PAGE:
Ya Gotta Ask!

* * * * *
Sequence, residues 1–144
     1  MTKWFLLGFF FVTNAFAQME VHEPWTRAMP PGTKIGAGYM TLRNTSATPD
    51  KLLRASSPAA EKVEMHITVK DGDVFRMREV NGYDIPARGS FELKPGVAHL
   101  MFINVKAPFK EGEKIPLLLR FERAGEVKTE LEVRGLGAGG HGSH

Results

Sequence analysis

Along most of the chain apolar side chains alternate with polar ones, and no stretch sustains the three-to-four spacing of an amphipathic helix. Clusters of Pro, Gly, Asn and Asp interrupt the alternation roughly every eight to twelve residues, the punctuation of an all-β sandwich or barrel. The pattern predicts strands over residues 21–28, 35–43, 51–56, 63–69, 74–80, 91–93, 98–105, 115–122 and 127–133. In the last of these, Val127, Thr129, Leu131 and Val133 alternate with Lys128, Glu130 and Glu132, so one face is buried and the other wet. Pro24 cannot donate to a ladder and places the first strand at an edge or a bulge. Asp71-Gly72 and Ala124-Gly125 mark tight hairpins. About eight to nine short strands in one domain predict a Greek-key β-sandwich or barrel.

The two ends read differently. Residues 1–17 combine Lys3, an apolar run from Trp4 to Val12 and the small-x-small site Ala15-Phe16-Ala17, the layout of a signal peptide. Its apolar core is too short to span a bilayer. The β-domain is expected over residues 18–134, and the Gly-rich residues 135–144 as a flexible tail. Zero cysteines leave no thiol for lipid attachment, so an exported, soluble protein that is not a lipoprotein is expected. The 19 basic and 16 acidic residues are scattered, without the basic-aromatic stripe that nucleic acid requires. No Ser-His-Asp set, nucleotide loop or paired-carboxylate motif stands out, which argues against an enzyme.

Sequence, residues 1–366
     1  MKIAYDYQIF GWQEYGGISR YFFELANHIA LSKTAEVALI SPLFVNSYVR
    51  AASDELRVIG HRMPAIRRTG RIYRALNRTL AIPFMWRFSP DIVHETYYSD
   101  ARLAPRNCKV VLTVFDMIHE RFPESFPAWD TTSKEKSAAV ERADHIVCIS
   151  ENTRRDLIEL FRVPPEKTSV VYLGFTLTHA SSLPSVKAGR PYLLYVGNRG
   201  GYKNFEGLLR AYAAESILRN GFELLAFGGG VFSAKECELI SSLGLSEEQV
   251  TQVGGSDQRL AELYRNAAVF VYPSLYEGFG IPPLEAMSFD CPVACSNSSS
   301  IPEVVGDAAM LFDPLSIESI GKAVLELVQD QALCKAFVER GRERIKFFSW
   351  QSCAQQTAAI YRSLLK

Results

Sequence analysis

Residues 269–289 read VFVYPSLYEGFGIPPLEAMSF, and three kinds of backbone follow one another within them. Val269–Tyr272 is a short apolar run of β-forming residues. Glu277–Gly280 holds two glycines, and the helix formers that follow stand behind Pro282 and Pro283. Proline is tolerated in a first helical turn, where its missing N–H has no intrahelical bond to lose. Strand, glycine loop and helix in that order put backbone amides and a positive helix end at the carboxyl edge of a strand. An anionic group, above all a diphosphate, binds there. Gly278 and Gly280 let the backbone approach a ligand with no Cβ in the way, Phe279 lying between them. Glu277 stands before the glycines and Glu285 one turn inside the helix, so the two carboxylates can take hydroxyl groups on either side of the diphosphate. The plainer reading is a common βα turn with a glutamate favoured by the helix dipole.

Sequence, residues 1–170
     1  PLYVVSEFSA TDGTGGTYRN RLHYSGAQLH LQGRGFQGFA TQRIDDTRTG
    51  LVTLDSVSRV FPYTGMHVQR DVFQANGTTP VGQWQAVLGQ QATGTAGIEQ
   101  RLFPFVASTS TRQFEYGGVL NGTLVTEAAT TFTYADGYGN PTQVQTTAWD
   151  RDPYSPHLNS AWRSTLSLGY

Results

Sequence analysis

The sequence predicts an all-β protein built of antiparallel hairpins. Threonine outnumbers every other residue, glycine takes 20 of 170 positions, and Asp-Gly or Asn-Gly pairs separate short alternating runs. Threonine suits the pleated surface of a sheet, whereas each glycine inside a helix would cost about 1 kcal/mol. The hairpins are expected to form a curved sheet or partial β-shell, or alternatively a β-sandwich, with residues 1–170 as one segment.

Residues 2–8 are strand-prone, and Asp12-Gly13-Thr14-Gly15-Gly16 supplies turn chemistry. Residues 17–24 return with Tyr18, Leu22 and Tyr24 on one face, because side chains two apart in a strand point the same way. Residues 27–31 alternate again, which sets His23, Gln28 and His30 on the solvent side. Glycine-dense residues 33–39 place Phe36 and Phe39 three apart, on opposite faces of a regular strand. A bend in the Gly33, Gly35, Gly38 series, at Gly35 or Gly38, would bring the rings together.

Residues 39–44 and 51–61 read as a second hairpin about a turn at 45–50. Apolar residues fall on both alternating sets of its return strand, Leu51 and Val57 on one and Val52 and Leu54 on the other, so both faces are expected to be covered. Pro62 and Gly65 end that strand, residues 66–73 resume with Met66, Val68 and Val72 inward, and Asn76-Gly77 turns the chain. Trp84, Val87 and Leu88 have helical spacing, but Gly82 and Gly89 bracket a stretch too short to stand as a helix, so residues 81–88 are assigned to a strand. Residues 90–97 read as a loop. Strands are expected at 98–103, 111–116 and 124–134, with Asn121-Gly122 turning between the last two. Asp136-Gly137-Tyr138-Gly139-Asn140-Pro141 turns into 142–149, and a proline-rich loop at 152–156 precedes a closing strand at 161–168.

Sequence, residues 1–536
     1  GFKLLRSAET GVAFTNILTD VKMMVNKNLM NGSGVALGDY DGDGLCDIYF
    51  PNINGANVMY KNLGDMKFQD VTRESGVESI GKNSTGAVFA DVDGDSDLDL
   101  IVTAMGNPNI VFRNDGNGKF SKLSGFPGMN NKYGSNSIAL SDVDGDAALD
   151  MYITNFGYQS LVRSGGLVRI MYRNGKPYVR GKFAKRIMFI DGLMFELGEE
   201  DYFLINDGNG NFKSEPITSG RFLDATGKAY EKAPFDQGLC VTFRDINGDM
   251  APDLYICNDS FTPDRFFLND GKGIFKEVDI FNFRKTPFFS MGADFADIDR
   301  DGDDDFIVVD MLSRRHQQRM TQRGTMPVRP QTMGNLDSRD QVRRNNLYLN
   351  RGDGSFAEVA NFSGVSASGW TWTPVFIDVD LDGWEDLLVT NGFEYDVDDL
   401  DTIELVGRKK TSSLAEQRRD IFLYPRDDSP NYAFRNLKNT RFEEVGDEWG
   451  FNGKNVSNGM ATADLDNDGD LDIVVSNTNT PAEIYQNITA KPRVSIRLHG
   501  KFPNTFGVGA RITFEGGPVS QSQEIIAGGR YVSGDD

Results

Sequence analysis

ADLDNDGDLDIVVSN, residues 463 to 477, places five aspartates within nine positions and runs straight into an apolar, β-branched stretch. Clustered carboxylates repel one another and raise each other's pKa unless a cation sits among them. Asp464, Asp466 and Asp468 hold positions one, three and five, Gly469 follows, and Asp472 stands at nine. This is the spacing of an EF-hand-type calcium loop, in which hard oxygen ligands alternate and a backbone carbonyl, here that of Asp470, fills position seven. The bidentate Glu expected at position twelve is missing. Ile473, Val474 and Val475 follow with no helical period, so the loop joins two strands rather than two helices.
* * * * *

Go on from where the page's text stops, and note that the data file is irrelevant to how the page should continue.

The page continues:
The e-mail came just yesterday. A friend had a friend that had been trying for 20 years (that's not a typo: TWENTY years!) to get Permanent Residency status but, due to INS paperwork snafus and red tape, had been frustrated in his efforts. The issue is not whether he qualifies; the issue is the paperwork. Can you imagine being that frustrated for that long? Neither could my friend, so she sent an email to everyone in her address book asking if anyone knew anyone that could help. It sounds pretty unlikely, doesn't it? You'd think there would be a better chance of winning the lottery than fixing a government paperwork problem with an e-mail shot out into the universe! Why bother even asking? Guess what? A member of my motorcycle club works for the INS, in the same office where the problem has been! What are the odds?? There is a very important lesson in all of this, and here it is: if you want something, no matter how unlikely it may seem, ya gotta ask! My friend could have easily thought that it was ridiculous to send out such a message because of the overwhelming odds against getting results. But she did it anyway. Ya gotta ask! How does this affect your business? There are a million ways; here are just a few. For one thing, it reminds us to ask for the order, the single most common reason that sales are lost; we don't ask them to buy from us! Ya gotta ask! Do you know of any opportunities to partner with someone but haven't asked because "they wouldn't be interested"? Ya gotta ask! Have you spotted that perfect new salesperson but haven't approached them because they seem happy in their current job? Ya gotta ask! Why don't we ask these things? Here are some reasons: assumption (we think we already know the answer), fear of appearing foolish or stupid, fear of rejection, and we just don't think of it! What can we do about this? First we have to adopt a new way of thinking, and then we have to get into the habit of thinking that way. Let me introduce you to "Dave's Rule of Wrong". Simple yet powerful, you can use this tool to determine whether asking is a good idea. Ironically, the "Rule of Wrong" involves asking yourself a question! "Which would be better? To 'ask' and be wrong or to 'not ask' and be wrong?" Which would have been better? For my friend to ask for help for her friend and been wrong (not gotten any help), or to not ask for the help and been wrong (in this case, someone DID know someone that could help; had she not asked, she would have been wrong because of the missed opportunity)? It's pretty clear that there is no harm in asking and getting no results, but harm in not asking and missing an opportunity. Which would be better, to ask for the sale and be wrong (get a 'no') or to not ask for the sale and be wrong (they would've said 'yes' and you missed a sale)? Got the idea? Sorry, I had to ask!